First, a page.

Jailbreaking and unlocking Apple iPhone, iPod touch, iPad or rooting Android devices to unlock potential capacity of any such mobile device; was announced as legal act by US Federal regulators on July 25, 2010 by saying, “no basis for copyright law to assist Apple in protecting its restrictive business model.”
While Apple was completely stunned over this decision, they silently kept blocking all possible jailbreak exploits present in iOS in every update. Clearly, someone is not happy to see their efforts being teared down.
Jailbreaking or rooting allows user to install any compatible software on purchased devices, even if it is being blocked by the operating system.
If the buyer has paid a premium price for buying such devices, he of course should be able to install anything he wish, on a device. However, the manufacturers are against it, thinking that such an act may spoil the user experience & eventually harm their brand’s reputation.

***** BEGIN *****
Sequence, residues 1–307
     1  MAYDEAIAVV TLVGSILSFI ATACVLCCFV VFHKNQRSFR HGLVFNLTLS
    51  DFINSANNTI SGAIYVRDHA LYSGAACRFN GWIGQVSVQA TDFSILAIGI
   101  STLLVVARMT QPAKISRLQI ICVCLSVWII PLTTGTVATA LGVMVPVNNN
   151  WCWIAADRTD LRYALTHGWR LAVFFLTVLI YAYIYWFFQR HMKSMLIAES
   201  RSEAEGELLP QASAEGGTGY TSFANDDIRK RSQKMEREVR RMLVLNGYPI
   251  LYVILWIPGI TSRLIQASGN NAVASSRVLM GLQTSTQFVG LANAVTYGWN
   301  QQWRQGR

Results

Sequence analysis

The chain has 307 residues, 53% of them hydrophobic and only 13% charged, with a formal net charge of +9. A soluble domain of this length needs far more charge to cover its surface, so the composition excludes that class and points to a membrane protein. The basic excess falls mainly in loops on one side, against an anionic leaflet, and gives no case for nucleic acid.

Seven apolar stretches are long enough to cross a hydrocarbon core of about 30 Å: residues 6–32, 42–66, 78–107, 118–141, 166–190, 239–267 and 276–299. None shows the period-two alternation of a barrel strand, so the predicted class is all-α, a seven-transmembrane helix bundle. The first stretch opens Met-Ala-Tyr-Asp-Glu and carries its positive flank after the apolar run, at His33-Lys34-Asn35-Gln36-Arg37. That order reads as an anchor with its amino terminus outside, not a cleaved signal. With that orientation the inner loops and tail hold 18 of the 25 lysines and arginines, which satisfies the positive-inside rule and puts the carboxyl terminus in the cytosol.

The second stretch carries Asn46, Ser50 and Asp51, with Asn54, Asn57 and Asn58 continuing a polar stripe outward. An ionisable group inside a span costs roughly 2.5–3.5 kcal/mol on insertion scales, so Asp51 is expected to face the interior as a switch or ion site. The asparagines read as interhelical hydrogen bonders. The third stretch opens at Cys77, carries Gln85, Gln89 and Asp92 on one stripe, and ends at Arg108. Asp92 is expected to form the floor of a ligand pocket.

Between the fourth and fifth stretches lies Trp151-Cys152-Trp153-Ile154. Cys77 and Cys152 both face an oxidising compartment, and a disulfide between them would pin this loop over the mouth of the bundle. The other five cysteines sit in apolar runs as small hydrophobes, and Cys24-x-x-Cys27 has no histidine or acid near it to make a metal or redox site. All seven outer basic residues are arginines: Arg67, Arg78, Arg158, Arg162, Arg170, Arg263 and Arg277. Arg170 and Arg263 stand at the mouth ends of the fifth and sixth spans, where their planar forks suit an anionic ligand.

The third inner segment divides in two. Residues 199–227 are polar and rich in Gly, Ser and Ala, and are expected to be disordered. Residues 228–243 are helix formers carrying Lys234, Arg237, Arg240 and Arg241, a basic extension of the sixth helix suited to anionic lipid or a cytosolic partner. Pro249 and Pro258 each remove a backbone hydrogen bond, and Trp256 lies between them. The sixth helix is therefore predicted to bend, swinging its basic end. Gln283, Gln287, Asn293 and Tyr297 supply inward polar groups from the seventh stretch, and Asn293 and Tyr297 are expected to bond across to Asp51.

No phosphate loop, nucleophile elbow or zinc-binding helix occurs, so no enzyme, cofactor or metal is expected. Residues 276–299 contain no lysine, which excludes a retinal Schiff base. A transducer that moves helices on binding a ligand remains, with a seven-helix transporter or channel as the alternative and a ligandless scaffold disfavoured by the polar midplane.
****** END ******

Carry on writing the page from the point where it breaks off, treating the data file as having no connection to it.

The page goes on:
Importantly, the decision given by the US Federal regulators back then, was NOT PERMANENT. Many developers, users thought it was a permanent decision but that is not the case; says @Charlie Miller
What can we do?
We can tell the Copyright Office that the jailbreaking is not a crime and we should be able to freely use our purchased devices.
You can jump to EFF.ORG page here and read through the instructions on sending our comments to the Copyright Office.
You can also send your comments directly on Copyright.Org website online. But, I would insist on reading through the EFF.ORG page before you go ahead.
Remember: Today February 10, 2012 before 5pm Eastern time, is the LAST DAY for submitting any comments in this regard to the Copyright office. Let’s start filing the petition and share this with our friends.
What you take? Do share your views